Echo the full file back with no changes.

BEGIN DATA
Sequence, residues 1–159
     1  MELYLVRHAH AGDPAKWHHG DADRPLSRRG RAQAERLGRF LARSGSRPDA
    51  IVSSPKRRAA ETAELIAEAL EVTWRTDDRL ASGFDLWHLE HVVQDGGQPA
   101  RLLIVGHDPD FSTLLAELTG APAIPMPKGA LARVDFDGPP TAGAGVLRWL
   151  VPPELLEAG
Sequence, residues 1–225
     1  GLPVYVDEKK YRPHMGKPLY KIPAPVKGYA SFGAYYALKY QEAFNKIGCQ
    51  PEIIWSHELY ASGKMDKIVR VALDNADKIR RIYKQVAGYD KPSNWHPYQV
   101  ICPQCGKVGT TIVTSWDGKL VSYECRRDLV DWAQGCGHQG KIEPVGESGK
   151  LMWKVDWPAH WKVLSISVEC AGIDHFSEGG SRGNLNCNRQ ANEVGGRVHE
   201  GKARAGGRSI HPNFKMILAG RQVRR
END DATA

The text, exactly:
Sequence, residues 1–159
     1  MELYLVRHAH AGDPAKWHHG DADRPLSRRG RAQAERLGRF LARSGSRPDA
    51  IVSSPKRRAA ETAELIAEAL EVTWRTDDRL ASGFDLWHLE HVVQDGGQPA
   101  RLLIVGHDPD FSTLLAELTG APAIPMPKGA LARVDFDGPP TAGAGVLRWL
   151  VPPELLEAG
Sequence, residues 1–225
     1  GLPVYVDEKK YRPHMGKPLY KIPAPVKGYA SFGAYYALKY QEAFNKIGCQ
    51  PEIIWSHELY ASGKMDKIVR VALDNADKIR RIYKQVAGYD KPSNWHPYQV
   101  ICPQCGKVGT TIVTSWDGKL VSYECRRDLV DWAQGCGHQG KIEPVGESGK
   151  LMWKVDWPAH WKVLSISVEC AGIDHFSEGG SRGNLNCNRQ ANEVGGRVHE
   201  GKARAGGRSI HPNFKMILAG RQVRR